2. If there is a fault on a CPU or memory module, you can take out multiple LPAR/WPARs. As where on M-series with Dynamic Domains, faults like that would only affect the Domain the CMU module was on. You can even do a mirrored Memory configuration on the M-Series to be fully fault tolerant. Not to mention that the Dynamic Domains are electrically isolated, something you don't get anywhere else.

3. Costs, you have to get licenses to enable PowerVM features and they add up quickly. As where LDoms and Dynamic Domains are free with the hardware.

NOTE: In AIX WPAR (equivalent to Sun Container) can be migrated on the fly BUT on Solaris Containers cannot be migrated on the fly BUT not to worry it is something Sun-Oracle is working on and we'll probably see down the road. As of now for live migrating something around, I would use an LDom for now!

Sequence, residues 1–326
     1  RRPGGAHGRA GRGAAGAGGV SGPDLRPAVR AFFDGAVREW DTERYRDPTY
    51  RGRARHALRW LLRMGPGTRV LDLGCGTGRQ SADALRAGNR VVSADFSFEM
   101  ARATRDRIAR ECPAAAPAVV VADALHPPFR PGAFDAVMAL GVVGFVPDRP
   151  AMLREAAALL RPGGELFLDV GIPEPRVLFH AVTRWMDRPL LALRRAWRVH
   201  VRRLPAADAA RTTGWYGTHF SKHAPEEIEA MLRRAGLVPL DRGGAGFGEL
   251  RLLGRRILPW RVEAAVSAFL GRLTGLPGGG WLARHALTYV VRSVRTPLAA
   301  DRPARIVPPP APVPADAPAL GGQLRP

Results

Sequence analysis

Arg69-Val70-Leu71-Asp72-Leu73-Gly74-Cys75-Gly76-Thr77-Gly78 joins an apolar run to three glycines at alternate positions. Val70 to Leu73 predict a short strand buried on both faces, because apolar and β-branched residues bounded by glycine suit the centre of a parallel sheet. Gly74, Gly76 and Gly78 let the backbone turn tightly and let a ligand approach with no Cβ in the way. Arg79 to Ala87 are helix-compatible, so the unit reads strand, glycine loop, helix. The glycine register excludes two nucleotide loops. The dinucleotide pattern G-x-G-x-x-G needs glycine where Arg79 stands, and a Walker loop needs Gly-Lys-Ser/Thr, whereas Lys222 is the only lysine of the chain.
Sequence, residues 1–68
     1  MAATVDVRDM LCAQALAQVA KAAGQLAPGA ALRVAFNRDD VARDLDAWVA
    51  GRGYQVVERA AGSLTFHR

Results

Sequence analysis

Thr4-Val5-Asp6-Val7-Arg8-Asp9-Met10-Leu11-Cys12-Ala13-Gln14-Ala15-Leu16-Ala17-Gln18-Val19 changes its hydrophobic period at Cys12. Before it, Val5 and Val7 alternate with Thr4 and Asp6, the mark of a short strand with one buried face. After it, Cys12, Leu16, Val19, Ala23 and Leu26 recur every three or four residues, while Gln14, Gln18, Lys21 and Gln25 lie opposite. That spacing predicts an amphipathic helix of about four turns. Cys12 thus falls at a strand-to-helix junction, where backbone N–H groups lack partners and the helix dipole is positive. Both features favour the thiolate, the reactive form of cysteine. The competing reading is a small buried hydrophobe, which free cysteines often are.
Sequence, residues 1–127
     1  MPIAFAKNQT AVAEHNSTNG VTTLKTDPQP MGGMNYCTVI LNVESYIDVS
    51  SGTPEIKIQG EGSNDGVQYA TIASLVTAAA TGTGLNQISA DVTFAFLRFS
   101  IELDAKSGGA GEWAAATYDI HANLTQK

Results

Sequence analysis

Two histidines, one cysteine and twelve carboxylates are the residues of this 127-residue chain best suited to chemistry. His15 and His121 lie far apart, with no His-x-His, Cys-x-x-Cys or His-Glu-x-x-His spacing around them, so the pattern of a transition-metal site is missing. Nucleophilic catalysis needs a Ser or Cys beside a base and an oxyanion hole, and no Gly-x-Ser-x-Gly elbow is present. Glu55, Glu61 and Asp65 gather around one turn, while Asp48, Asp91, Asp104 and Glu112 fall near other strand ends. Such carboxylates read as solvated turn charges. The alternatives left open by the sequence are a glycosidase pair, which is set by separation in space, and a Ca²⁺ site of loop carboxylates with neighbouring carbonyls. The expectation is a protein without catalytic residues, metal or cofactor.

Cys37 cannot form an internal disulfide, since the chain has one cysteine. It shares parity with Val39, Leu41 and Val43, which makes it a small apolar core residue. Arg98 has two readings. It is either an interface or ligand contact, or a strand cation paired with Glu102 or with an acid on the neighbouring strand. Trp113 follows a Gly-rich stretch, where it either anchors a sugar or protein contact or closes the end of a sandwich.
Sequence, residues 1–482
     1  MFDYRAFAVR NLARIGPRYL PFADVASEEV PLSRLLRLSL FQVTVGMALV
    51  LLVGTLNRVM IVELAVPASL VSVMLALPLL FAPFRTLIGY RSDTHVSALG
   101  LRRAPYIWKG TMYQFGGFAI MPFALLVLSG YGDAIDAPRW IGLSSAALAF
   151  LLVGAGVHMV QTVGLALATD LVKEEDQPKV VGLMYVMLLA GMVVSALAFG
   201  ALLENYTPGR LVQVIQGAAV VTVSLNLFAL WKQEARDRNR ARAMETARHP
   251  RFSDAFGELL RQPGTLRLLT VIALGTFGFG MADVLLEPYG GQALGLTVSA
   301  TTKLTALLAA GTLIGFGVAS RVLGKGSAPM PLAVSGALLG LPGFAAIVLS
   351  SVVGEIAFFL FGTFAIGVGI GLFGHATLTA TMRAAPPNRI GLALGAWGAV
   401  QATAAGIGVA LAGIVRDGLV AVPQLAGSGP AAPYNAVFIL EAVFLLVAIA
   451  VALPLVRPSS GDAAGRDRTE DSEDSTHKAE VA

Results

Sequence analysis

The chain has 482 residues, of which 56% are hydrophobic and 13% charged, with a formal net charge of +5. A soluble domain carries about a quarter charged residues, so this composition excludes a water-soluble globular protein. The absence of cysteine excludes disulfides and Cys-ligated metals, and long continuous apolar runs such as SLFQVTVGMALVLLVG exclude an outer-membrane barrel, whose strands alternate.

Not biased about AIX POWER architecture as this is a very vital decision to make and at the same time very difficult situation to conclude on but taking help of above points what I can think of – I’ll stick to SPARC architecture!

Your comments on this will be very much appreciated.

Thursday, October 14, 2010

Solaris Flash Archives

Flash images or flar image is very useful in situations where you need cloning/imaging or crashed server recovery. The flarcreate command creates a flash archive. A flash archive can be created on a system that is running a UFS root file system or a ZFS root file system. A flash archive of a ZFS root pool contains the entire pool hierarchy except for the swap and dump volumes and any excluded datasets. The swap and dump volumes are created when the flash archive is installed.

NOTE: By default, the flarcreate command ignores items that are located in "swap" partitions.

Let's see how we can work with flar image creation.

Create the archive:

For UFS:

# flarcreate -n "Solaris 10 10/09 build" -S -c -x /var/tmp/ /var/tmp/S10-1009.ufs.archive.sun4u-`date +'%Y%m%d%H%M'`

For ZFS:

# flarcreate -n "Solaris 10 10/09 build" -S -c /var/tmp/S10-1009.zfs.archive.sun4u-`date +'%Y%m%d%H%M'`